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Bap. When will he be here?

Bion. When he stands where I am, and sees you there. Tra. But say, what. To thine old news.

Bion. Why, Petruchio is coming, in a new hat and an old jerkin; a pair of old breeches, thrice turned; a pair of boots that have been candle-cases, one buckled, another laced; an old rusty sword ta'en out of the town armory, with a broken hilt and chapeless; with two broken points. His horse hipped with an old mothy saddle, the stirrups of no kindred: besides, possessed with the glanders, and like to mose in the chine; troubled with the lampass, infected with the fashions, full of windgalls, sped with spavins, raied with the yellows, past cure of the fives, stark spoiled with the staggers, begnawn with the bots; swayed in the back, and shoulder-shotten; ne'er legged before; and with a halfchecked bit, and a head-stall of sheep's leather; which, being restrained to keep him from stumbling, hath been often burst, and now repaired with knots; one girt six times. pieced, and a woman's crupper of velure, which hath two letters for her name, fairly set down in studs, and here and there pieced with packthread.

Bap. Who comes with him?

Bion. O sir, his lackey, for all the world caparisoned like the horse; with a linen stock on one leg, and a kersey boothose on the other, gartered with a red and blue list; an old hat, and The humor of forty fancies, pricked in't for a feather: a monster, a very monster in apparel; and not like a Christian footboy, or a gentleman's lackey.

Tra. 'Tis some odd humor pricks him to this fashion!— Yet oftentimes he goes but mean apparelled.

Bap. I am glad he is come, howsoever he comes.
Bion. Why, sir, he comes not.

Bap. Didst thou not say, he comes?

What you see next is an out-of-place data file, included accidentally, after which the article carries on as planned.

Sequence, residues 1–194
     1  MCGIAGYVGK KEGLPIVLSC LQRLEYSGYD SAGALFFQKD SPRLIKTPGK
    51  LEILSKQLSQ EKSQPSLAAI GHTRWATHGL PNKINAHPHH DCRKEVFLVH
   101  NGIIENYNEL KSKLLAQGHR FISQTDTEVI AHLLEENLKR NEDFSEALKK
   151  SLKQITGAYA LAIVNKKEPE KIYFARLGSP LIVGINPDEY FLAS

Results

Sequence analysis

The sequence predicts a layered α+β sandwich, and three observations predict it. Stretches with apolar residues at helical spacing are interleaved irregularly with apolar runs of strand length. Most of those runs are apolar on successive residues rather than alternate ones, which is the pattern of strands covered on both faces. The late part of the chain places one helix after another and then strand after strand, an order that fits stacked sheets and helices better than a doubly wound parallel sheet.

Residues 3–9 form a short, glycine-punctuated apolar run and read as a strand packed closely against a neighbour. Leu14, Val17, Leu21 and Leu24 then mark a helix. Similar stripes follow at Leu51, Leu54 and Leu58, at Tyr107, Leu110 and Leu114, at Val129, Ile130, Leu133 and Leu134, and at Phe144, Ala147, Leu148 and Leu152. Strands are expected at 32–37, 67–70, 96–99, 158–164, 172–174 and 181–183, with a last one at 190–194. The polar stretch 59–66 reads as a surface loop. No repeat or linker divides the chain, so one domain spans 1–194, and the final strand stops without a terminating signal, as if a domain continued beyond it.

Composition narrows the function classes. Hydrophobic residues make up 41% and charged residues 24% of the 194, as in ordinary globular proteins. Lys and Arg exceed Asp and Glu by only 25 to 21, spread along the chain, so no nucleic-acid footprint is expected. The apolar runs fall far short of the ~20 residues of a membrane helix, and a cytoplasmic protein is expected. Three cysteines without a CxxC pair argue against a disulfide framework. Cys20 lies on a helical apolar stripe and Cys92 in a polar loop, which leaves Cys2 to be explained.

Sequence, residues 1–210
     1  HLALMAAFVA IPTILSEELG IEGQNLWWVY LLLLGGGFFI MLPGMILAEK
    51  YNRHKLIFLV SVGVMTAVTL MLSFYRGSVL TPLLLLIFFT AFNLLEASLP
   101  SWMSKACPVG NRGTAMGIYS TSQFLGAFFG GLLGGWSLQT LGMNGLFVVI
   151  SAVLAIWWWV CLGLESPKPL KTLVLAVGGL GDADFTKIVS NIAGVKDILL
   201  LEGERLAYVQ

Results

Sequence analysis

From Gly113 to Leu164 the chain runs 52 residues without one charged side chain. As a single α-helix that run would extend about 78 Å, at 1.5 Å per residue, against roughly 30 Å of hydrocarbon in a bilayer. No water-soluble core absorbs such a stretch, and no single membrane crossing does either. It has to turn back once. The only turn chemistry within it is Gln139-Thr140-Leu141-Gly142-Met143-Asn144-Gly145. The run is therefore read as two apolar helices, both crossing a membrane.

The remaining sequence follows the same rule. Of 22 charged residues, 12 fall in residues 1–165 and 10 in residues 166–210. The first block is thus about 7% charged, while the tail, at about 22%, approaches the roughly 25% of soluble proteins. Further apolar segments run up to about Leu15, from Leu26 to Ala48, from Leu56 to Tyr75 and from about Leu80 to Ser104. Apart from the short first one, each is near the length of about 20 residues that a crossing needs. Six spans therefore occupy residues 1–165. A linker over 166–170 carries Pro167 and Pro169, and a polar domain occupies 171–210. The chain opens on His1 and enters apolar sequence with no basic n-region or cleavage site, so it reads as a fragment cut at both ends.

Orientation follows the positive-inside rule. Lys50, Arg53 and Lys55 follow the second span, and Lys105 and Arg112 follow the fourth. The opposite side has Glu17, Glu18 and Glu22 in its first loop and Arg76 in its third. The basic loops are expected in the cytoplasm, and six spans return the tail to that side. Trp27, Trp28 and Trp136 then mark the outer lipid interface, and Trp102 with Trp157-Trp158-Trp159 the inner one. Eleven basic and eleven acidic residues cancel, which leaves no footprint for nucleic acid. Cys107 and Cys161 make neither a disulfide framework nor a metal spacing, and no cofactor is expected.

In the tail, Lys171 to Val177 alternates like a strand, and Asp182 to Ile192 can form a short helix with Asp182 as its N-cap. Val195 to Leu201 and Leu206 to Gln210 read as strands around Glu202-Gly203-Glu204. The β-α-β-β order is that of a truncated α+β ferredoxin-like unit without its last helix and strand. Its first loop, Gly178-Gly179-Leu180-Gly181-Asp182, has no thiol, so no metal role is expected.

Bion. Who? that Petruchio came?

Bap. Ay, that Petruchio came.

Bion. No, sir; I say, his horse comes with him on his


Bap. Why, that's all one.

Bion. Nay, by Saint Jamy, I hold you a penny, A horse and a man is more than one, and yet not many.


Pet. Come, where be these gallants? Who is at home?
Bap. You are welcome, sir.
Bap. And yet you halt not.

And yet I come not well.


As I wish you were.

Not so well apparelled

Pet. Were it better, I should rush in thus.

But where is Kate? Where is my lovely bride? -
How does my father?-Gentles, methinks you frown.
And wherefore gaze this goodly company,

As if they saw some wondrous monument,

Some comet, or unusual prodigy?

Bap. Why, sir, you know, this is your wedding day. First were we sad, fearing you would not come;

Now sadder, that you come so unprovided.
Fie! doff this habit, shame to your estate,
An eye-sore to our solemn festival.

Tra. And tell us, what occasion of import
Hath all so long detained you from your wife,
And sent you hither so unlike yourself?


Tedious it were to tell, and harsh to hear:
Sufficeth, I am come to keep my word,
Though in some part enforced to digress;
Which, at more leisure, I will so excuse
As you shall well be satisfied withal.

But where is Kate? I stay too long from her;
The morning wears; 'tis time we were at church.
Tra. See not your bride in these unreverent robes;
Go to my chamber; put on clothes of mine.
Pet. Not I, believe me; thus I'll visit her.
Bap. But thus, I trust, you will not marry her.
Pet. Good sooth, even thus; therefore have done with

As I can

To me she's married, not unto my clothes.
Could I repair what she will wear in me,
change these poor accoutrements,
"Twere well for Kate, and better for myself.
But what a fool am I to chat with you,
When I should bid good-morrow to my bride,
And seal the title with a lovely kiss!

Tra. He hath some

[Exeunt PET., GRU., and BION. meaning in his mad attire.

We will persuade him, be it possible,

To put

on better ere he go to church.

Bap. I'll after him, and see the event of this.

Tra. But, sir, to her love concerneth us to add

Her father's liking; which to bring to pass,
As I before imparted to your worship,
I am to get a man,-whate'er he be,
It skills not much; we'll fit him to our turn,-



And he shall be Vincentio of Pisa;
And make assurance, here in Padua,
Of greater sums than I have promised,
So shall you quietly enjoy your hope,
And marry sweet Bianca with consent.

Luc. Were it not that my fellow schoolmaster
Doth watch Bianca's steps so narrowly,

"I were good, methinks, to steal our marriage;
Which once performed, let all the world say—no,
I'll keep mine own, despite of all the world.

Tra. That by degrees we mean to look into,
And watch our vantage in this business.
We'll overreach the graybeard, Gremio,
The narrow-prying father, Minola;
The quaint musician, amorous Licio;
All for my master's sake, Lucentio.-